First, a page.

Engineering Management is a rapidly expanding multidisciplinary field that integrates engineering, technology, management, systems, and business. A wide variety of hi-technology companies in the telecommunications, financial services, manufacturing, healthcare, consulting, information technology, and other industries utilize the concepts and tools of engineering management such as project management, quality management, engineering economics, modeling and simulation, systems engineering and integration, and statistical tools. These technology-based companies recruit engineering management graduates for their expertise in these tools and techniques. After only a few years many of these graduates are promoted because they can bridge the gap between business and technology and fill a critical need of integrating engineering and business operations.
Recent studies show that most engineers will ultimately assume managerial positions, and that most will spend a considerable part of their professional careers in a management or supervisory capacity. In a recent survey conducted by the American Association of Engineering Societies, it was found that within ten years of the start of their careers, more than 50 percent of engineers find themselves in technical management positions, often without the benefit of formal training in management.
The Engineering Management (EM) program combines a strong engineering core with training in quality management, project management, production and technology management, accounting, cost analysis, managerial economics, engineering design, and systems integration. The course selection offered by this major exemplifies the Stevens interdisciplinary approach to developing strong problem-solving skills. The program prepares students for careers that involve the complex interplay of technology, people, economics, information, and organizations. Graduates from this program will be prepared to work effectively at the interface between engineering and management and to assume professional positions of increasing responsibility. Because of the advent of technology and globalization, this is the engineering education for the 21st century.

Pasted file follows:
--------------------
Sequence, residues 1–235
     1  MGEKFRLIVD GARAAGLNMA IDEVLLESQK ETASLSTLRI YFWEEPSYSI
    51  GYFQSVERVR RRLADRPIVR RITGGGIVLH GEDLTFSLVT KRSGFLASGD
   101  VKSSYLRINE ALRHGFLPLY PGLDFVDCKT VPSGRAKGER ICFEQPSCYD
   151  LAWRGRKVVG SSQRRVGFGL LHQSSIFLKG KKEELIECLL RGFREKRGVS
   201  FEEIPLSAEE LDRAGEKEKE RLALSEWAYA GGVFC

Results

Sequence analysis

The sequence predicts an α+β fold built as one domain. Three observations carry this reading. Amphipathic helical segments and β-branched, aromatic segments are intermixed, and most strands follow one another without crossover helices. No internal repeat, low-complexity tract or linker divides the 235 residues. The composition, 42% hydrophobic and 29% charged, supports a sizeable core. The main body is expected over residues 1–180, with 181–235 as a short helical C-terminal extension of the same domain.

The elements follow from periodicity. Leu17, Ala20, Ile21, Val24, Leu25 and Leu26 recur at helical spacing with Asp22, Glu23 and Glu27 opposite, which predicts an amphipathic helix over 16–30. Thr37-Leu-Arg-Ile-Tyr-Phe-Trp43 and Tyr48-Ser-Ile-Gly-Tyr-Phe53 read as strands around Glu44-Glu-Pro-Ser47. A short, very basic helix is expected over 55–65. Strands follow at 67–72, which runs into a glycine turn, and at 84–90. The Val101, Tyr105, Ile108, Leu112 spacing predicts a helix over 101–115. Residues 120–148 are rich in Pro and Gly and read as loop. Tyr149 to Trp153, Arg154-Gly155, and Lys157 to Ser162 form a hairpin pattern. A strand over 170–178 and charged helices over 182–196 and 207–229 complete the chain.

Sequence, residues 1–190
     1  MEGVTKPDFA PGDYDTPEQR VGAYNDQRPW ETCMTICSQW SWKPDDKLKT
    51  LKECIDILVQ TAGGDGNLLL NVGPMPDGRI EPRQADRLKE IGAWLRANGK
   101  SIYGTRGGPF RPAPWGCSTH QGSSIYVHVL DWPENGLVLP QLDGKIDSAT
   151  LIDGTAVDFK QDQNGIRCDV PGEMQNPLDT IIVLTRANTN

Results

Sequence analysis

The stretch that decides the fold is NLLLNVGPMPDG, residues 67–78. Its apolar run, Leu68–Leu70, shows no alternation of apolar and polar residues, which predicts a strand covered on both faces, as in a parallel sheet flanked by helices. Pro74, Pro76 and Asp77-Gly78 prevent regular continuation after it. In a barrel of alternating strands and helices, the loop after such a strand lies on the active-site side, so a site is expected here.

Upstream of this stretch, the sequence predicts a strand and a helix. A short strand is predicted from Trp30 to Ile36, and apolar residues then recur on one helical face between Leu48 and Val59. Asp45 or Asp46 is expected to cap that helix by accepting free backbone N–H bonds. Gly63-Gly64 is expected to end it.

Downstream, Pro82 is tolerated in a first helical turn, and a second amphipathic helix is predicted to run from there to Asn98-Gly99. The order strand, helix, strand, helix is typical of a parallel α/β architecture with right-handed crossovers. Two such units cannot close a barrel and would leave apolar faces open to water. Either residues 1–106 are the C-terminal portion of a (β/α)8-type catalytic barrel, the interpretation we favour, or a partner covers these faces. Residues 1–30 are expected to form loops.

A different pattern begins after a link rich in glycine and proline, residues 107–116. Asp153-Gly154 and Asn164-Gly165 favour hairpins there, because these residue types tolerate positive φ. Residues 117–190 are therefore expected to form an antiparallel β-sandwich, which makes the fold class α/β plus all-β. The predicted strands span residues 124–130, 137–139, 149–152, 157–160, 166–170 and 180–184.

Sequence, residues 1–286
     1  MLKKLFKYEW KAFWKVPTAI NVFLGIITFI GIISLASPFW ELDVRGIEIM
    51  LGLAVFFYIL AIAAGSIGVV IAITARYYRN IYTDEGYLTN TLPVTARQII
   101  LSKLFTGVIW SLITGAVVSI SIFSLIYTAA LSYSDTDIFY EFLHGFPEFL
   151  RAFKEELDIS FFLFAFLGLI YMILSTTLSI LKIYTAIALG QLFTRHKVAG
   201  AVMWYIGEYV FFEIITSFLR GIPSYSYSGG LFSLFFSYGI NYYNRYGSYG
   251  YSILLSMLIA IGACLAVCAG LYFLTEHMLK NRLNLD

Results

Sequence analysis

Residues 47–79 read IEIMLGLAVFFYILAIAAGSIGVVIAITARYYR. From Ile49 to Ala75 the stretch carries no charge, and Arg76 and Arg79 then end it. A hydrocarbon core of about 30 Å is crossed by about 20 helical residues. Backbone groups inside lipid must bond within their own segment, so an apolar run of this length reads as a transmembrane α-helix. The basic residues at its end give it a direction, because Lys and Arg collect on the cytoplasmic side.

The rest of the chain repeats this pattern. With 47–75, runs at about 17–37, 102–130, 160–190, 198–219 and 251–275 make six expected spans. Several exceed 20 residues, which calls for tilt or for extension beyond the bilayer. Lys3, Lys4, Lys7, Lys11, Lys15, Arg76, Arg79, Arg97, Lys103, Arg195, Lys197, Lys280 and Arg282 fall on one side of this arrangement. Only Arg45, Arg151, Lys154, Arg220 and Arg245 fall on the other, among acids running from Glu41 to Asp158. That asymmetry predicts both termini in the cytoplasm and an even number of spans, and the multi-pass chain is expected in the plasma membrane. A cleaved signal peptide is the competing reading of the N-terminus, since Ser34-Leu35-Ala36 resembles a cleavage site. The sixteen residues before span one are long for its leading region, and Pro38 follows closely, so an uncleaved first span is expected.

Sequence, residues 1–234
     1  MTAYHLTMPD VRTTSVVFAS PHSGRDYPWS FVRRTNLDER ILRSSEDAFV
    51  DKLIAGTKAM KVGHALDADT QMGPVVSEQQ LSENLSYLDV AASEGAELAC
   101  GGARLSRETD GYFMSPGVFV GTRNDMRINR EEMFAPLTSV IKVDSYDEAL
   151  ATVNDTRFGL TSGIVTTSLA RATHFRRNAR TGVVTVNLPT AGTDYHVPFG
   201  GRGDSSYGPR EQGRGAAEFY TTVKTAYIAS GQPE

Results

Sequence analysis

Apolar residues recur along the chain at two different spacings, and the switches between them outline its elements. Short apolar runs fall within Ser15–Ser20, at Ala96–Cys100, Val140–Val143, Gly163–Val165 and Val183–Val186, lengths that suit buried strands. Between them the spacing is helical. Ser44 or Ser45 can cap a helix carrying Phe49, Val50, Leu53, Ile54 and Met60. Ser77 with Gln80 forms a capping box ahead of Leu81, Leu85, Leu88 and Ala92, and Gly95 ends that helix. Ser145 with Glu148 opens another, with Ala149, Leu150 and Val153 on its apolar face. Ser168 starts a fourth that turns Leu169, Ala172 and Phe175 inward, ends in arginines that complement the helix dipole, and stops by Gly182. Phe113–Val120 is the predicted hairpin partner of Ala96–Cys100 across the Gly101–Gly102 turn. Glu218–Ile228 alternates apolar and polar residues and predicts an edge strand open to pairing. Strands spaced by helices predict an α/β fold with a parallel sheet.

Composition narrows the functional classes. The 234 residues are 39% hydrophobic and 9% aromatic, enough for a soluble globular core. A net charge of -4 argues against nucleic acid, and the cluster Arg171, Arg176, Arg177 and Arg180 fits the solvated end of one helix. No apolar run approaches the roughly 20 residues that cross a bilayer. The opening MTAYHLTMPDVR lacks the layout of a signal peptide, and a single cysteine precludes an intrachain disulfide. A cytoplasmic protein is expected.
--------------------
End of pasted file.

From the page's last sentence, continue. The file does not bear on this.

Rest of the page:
Many Engineers find themselves at a decision point five years after graduation. They must choose between continuing in their technical specialty or entering the ranks of technical management. By ten years after graduation, more than 75% of engineers have chosen the latter route, assuming managerial responsibilities for which they have little or no formal training. Training in economics, statistics, operations research, engineering design, teaming and project/quality management renders engineering management graduates well prepared to assume professional positions of increasing responsibility. Engineering Management graduates possess the technical and managerial skills to perform staff and management functions in many industries.
Engineering Management (EM) students are in high demand in today's information based society. For the latest salary survey read the article published in The Instrumentation, Systems and Automation Society (ISA) and see the accepted salary offers for Engineering Management graduates. The financial services, manufacturing, energy, telecommunications, construction, information technology, consulting, and healthcare industries hire EM graduates because they possess the management and technical skills needed for the modern, high technology, interdisciplinary business world.
Engineering Management Graduates have varying interests and skills. These include decision risk analysis, manufacturing engineering, logistics, production management, technical sales, project planning, and quality management & control. Past graduates of the program have gone to work as Project Managers, Management Engineers, Production Supervisors, Technical Sales Representatives, Manufacturing Engineers, Consultants, Account Executives, Industrial Engineers, Quality Assurance Engineers, Business Analysts, and Investment Bankers.
Engineering Management students undertake a rigorous curriculum encompassing technical and business essentials. As students, they are required to complete a traditional engineering program while attaining a solid background in the management sciences involving the constructs of analysis and synthesis of real world problems. Engineering Management students graduate with a Bachelor of Engineering degree and are eligible to take the Engineer In Training (EIT) Exam during their senior year. Many acquire their Professional Engineer (PE) license.
The Stevens Engineering Management program is fully accredited by Accreditation Board for Engineering and Technology (ABET) and has received many awards and accolades. For example, the American Society for Engineering Management (ASEM) awarded Stevens Engineering Management Program the "Excellence in Leadership of Management of Technology in Academia in 2006, 2005, 2003, and 2001. This is awarded to the best EM program in the United States.
Included is the Engineering Management Curriculum to help you map your academic career at Stevens. In completing your study plan, be sure that all course requirements are accounted for using the information here and in the Stevens Undergraduate Catalog. Because the core curriculum for all engineering students is the same, it is possible to change from another discipline to Engineering Management with little or no loss of credits up to your junior year. If you are a transfer student, you should discuss your study plan and past courses in depth with an Engineering Management professor to determine credit acceptability and avoid complications.